"Here's the thing. Comedians are verbal clowns, essentially. You know, I don't have a red nose on, and floppy shoes, but who am I kidding here? I'm still, you're still related to a clown," says Rock. "And the sad thing is, the black comedian has a weird responsibility and a weird line that we have to walk, that sometimes offends people like the guy you just quoted here."

When Bradley saw him over a month later, Rock was still thinking about his answer. "Here's the answer I want to say to this guy. Tell me one opportunity that was denied you because I told a joke. Just one. I will give you the money for the thing they wouldn't give you, because I told a joke."

Comedy has brought Rock opportunities and made him rich. But he doesn't have a bling-bling lifestyle. Offstage, he is quiet and reserved. He doesn't like crowds and he doesn't travel with an entourage.

"I figured out a long time ago that if you keep yourself isolated with a posse, you're not letting the real world get in. And if you don't let the real world get in, you're not going to be funny," says Rock. "And posse, you gotta pay all those guys, too. You gotta pay. That's all for show."

"But you're making a lot of money now," says Bradley.

"Yeah, so are you. You don't have a posse. You know, Donald Trump rolls pretty small, you know," says Rock.

How did Rock learn how to deal with money?

"I have such a fear of being a bad artist that I don't like to spend a lot of money. Because I don't ever want to have to go on tour, or have to do a movie because I'm paying off some third house," says Rock.

Rock, who's still finding his way to Hollywood, has two movies coming out later this year. He plays opposite Adam Sandler in a remake of the prison football movie, "The Longest Yard."

"Why has it been difficult for you to make the kind of breakthrough in film that Eddie Murphy did and Adam Sandler and Jim Carrey," asks Bradley.

"Maybe those guys are better than me. I'll go there," says Rock, who's clear he'd rather be known as a great comedian.

But his friend, Jerry Seinfeld, told Bradley that Rock is already there. "He [Seinfeld] said that you have the energy to do the hard work of comedy, the intelligence to perceive things that other people miss," Bradley tells Rock. "'In terms of instinct, he has tremendously long antenna. He knows a lot about the state of the world and the tone of the culture.'"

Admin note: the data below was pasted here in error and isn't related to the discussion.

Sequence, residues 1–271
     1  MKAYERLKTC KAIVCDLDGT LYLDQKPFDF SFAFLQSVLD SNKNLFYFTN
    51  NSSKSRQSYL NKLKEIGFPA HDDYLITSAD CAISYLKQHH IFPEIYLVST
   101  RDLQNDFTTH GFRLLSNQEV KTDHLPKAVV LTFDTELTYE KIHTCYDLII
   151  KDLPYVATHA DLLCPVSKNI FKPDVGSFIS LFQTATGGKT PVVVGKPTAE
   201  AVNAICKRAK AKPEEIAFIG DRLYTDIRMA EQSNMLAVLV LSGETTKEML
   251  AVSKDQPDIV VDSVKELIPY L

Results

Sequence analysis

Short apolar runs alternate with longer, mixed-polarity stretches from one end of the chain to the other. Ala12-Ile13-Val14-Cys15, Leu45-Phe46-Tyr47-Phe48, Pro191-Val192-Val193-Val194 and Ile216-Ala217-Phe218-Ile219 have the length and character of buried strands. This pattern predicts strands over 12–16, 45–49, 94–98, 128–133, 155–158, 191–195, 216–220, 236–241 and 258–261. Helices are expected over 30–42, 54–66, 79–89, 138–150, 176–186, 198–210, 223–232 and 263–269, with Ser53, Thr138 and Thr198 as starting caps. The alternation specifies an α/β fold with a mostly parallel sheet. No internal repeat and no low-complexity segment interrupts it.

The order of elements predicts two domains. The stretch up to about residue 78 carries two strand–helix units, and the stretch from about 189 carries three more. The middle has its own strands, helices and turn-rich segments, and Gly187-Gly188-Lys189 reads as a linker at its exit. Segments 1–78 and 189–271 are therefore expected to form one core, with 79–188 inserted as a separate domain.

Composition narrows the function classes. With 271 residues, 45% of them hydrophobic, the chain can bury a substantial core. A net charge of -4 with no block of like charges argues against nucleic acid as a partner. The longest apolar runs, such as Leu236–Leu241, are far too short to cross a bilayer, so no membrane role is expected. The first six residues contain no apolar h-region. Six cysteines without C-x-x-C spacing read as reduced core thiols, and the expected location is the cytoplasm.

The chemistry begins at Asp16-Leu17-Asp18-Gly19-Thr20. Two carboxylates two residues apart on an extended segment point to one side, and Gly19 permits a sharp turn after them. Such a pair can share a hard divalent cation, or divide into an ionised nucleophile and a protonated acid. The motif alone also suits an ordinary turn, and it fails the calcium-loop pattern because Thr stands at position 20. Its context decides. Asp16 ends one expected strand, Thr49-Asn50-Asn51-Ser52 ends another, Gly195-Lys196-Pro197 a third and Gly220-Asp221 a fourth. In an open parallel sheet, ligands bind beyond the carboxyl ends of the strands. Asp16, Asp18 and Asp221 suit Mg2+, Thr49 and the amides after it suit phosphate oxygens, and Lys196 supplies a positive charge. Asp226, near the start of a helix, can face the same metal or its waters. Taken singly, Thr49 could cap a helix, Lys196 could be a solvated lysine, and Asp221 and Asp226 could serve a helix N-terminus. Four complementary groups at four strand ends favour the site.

"It was all good. I'll take it," says Rock. "No, I'm an idiot. He has it all wrong."

Where does he get that energy from? "I've never been good at sports. I suck at everything. I don't really work out that much," says Rock. "But when I get on stage, I have tremendous energy."

And it shows. Rock said he's most comfortable on stage because he's in control. He swaggers and prowls, punctuating his routines with his infectious deep-throated laughs and evil grins as he does in a routine on Michael Jackson from "Never Scared": "I saw Michael on 60 Minutes. Ed Bradley tried his best. He gave Michael the easiest questions in the world, the easiest GED questions in the world, and Michael could not pass the test. It's like, 'Uh, Michael, would you let your children sleep in the bed of a 45-year-old man that's been accused of child molestation. 'Yes.' Ed Bradley looked at Michael Jackson as if he wanted to say, 'N------, is you crazy?' … Just answer the question, Michael. Just say you might be a little wrong."

"He's looking at jail, that's what he's looking at," says Rock. "That is not going to be fun when some big guy's going, 'Dance! Dance!' 'But I did your laundry.' 'I don't want my laundry done. I want you to dance! Right now!'"

And right now, Rock is at the top of his game, in comedy and at home. He and his wife, Malaak Compton, moved from Brooklyn to the New Jersey suburbs and they now have two young daughters.

"I always say about my daughters, they save me from my miserable self. They take me out," says Rock. "You know, a comedian, you could live in your head a lot. And you're writing and your doubting. But when I'm with my kids and my family, it's all about them."

Rock says it's all about becoming a man, something his father drilled into him as a kid back in Brooklyn. And as usual, Rock finds the funny in that process, too.

"I've made a smooth transition into adulthood. As even you've witnessed in the last few years," says Rock. "I'm a man. I'm going to be 40 years old. That's old."

"That's not old," says Bradley.

"OK. Here's how old 40 is. Forty is so old the only time I will ever be referred to as young again for the rest of my life is if I die at 40, or if I start sleeping with Cher," says Rock. "OK? Young man sleeping with Cher. Cher's got another young one. He's dead and he's 40, so young."

"You can use that at the Oscars," says Bradley.